You can also include coffee grounds in your fertilizer. Your plants will thank you for it.

As for the pests, you'll need a repellant that works and won't hurt your plant in the process. Instead of using chemical-concentrated pesticides, use slug pellets instead. Sluggo Plus pellets are great for ensuring that pests get away from your precious dahlias.

Frequently Asked Questions

Do you have more queries you need to be answered before you cut flowers and store your tubers? After reading these frequently asked questions, not a single tuber will go to waste. Here is a few more information about dahlia tubers you may need:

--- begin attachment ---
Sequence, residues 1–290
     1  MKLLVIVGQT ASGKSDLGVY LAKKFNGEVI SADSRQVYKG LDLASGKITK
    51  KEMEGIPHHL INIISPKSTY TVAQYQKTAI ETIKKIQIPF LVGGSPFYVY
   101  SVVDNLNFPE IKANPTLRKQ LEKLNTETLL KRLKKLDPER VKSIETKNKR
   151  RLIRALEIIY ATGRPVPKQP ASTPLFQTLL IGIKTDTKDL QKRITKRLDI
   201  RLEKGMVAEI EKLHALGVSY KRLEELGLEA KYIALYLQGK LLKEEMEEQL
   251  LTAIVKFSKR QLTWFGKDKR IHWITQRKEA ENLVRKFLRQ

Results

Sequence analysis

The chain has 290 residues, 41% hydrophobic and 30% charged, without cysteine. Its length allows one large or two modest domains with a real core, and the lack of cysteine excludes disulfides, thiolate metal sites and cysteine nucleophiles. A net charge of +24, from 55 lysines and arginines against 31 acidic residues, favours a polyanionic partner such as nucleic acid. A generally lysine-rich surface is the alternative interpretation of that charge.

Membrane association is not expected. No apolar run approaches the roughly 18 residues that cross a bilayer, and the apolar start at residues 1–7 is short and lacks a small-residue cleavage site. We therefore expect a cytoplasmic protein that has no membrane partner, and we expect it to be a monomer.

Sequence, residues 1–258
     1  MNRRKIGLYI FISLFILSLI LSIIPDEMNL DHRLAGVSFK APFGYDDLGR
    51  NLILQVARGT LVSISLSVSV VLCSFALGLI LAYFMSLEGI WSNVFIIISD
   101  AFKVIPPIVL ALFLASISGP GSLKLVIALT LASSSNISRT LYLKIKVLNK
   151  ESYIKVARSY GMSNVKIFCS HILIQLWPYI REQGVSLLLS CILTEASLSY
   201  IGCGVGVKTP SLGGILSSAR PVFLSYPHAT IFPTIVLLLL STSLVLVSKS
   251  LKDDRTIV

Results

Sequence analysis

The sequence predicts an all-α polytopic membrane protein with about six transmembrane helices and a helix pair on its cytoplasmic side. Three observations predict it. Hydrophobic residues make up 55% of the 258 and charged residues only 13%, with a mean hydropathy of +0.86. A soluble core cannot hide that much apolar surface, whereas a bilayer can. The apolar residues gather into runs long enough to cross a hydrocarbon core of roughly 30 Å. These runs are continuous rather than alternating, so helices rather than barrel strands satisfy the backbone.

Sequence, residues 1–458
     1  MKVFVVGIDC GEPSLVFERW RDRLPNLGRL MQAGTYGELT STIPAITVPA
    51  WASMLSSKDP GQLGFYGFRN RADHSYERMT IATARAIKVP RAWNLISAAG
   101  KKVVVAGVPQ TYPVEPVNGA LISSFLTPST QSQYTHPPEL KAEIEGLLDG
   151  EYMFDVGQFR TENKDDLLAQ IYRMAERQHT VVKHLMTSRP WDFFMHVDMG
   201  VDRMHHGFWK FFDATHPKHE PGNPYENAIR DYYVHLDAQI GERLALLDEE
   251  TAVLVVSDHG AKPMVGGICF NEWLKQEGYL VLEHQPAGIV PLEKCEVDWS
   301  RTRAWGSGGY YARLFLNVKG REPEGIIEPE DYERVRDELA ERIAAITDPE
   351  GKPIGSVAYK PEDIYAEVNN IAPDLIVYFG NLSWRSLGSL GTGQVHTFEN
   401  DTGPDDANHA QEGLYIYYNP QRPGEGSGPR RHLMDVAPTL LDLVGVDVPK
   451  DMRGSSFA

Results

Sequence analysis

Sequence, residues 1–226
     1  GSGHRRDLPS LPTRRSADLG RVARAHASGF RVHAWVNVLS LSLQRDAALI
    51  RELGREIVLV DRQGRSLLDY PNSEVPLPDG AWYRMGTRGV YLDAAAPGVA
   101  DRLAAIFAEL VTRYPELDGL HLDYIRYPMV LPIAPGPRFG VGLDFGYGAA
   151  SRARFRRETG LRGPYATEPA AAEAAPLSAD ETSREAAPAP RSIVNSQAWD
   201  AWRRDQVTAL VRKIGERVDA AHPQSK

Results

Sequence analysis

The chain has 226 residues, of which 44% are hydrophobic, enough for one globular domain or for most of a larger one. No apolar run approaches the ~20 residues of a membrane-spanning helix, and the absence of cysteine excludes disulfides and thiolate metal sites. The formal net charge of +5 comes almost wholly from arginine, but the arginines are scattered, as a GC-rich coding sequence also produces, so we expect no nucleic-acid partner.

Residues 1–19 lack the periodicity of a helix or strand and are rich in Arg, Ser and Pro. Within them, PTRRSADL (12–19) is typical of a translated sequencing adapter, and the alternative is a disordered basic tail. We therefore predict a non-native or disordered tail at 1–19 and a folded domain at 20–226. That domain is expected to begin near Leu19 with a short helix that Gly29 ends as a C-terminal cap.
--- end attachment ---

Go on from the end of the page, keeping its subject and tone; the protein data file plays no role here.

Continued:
What time of the year should I plant Dahlias outside?

For most gardeners, it's best to give plants a head start in containers while soil warms up outside - reaching at least 60 degrees F. Generally, you'll plant dahlias outside around the same time you plant tomatoes.

If that's not until late May or early June, where you live, plant them indoors 4-6 weeks before your last frost date. In containers, lay tubers on their sides with the stems up and cover with 2 inches of soil. Wait until you see new growth breaking through to the water.

When do Dahlias start to sprout?

When you are planting dahlia tubers, you may or may not see a sprout. Often, the tubers don't sprout until they have been in the ground (or in a pot) for 4 to 6 weeks. When planted early in the season, it takes tubers longer to come out of dormancy, and the weather is cool.